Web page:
California Man Pleads Guilty to Hate Crime Charges for Attacking 5 at Turkish Restaurant

William Stepanyan, a 23-year-old California man, has pleaded guilty to hate crime charges after he attacked five people at a Turkish restaurant.

The attack occurred at Cafe Istanbul, a family-owned restaurant in Malibu, California, at 8 p.m. on November 4, 2020. Stepanyan, an Armenian-American, and eight other people drove to the restaurant and attacked five people, including the restaurant operator and employees.

Earlier that day, Stepanyan wrote a text stating that he wanted to go "hunting for [T]urks." He wore a mask during the attack, threw chairs and shouted derogatory slurs about Turkish people. Either he or his accomplice, 24-year-old Harry Chalikyan, shouted at people in the restaurant, "We came to kill you! We will kill you!" a Department of Justice (DOJ) press release stated. Four of the victims were Turkish.

Multiple victims were injured during the attack. One individual lost feeling in their legs and collapsed multiple times due to the injury, the DOJ said. Stepanyan ripped out the restaurant's computer terminals, smashed glassware and stole someone's iPhone during the attack as well.

The restaurant incurred at least $20,000 in damages and had to close temporarily. The closure cost the restaurant thousands of dollars in lost revenue. Stepanyan now faces a statutory maximum sentence of 15 years in federal prison.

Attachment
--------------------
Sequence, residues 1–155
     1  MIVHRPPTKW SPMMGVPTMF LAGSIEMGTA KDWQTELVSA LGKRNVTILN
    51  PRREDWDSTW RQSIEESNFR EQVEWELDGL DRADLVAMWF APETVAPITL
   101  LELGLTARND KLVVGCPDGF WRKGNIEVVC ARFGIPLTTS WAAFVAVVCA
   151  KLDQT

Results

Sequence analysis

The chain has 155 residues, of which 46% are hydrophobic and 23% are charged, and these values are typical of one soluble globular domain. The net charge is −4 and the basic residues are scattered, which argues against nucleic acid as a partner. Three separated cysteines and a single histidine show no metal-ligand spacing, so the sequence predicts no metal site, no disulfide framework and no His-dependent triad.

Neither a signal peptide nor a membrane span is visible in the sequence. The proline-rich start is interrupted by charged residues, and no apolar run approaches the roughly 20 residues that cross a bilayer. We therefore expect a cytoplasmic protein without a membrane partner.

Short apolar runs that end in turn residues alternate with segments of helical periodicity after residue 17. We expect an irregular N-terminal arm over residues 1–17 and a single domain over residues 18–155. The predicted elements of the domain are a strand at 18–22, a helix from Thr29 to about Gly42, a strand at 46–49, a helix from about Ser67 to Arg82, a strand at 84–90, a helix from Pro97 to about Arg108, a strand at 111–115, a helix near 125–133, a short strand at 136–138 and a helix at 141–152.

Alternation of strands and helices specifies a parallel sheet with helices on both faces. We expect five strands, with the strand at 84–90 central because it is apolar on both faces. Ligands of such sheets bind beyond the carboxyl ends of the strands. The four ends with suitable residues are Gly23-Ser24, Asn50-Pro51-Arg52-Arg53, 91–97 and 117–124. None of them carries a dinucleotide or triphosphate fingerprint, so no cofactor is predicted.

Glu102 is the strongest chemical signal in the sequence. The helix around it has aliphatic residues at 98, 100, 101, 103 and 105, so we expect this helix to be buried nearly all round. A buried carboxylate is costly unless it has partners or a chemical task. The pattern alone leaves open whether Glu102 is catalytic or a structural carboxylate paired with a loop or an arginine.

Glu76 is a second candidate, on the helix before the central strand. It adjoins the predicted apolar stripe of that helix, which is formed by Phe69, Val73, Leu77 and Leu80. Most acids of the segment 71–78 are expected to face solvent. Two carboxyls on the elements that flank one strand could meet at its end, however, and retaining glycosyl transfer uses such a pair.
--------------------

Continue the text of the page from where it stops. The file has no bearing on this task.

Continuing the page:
The FBI investigated Stepanyan's attack and received help from the Beverly Hills Police Department. Stepanyan's accomplice, Chalikyan, will face trial on October 26. Chalikyan has pleaded not guilty to one count of conspiracy and five hate crime charges.

William Stepanyan California Turkish Restaurant hate crime
William Stepanyan, a California man, has been convicted of hate crime charges after attacking five people at a Turkish restaurant. In this photo, a chef at a Turkish restaurant wears a face mask while waiting for customers. Burak Kara/Getty

Stepanyan and his alleged accomplices may have been upset that in October 2020 Turkey supported Azerbaijan in its border conflict with Armenia, the DOJ press release said. Armenian and Turkish relations have been historically strained by the Turkish genocide against Armenian people during World War I. An estimated 1.5 million Armenians died during the genocide, the International Association of Genocide Scholars wrote in June 2005.

Turkey has long considered Azerbaijan a regional ally, the Associated Press (AP) reported. The allyship between the two nations has angered Arminians, whose country lies between the two. Turkey has accepted Azerbaijan's oil and gas exports, and, in return, Azerbaijan has invested heavily in Turkey.

Turkey's military has also trained Azerbaijani officers for decades, according to the AP. Turkey is Azerbaijan's third-largest supplier of military equipment after Russia and Israel.

Turkey has no diplomatic relations with Armenia. In 2009, Turkish President Recep Tayyip Erdogan back-peddled on reconciliation efforts with Armenia that angered Azerbaijan residents.

Newsweek contacted the Department of Justice for comment.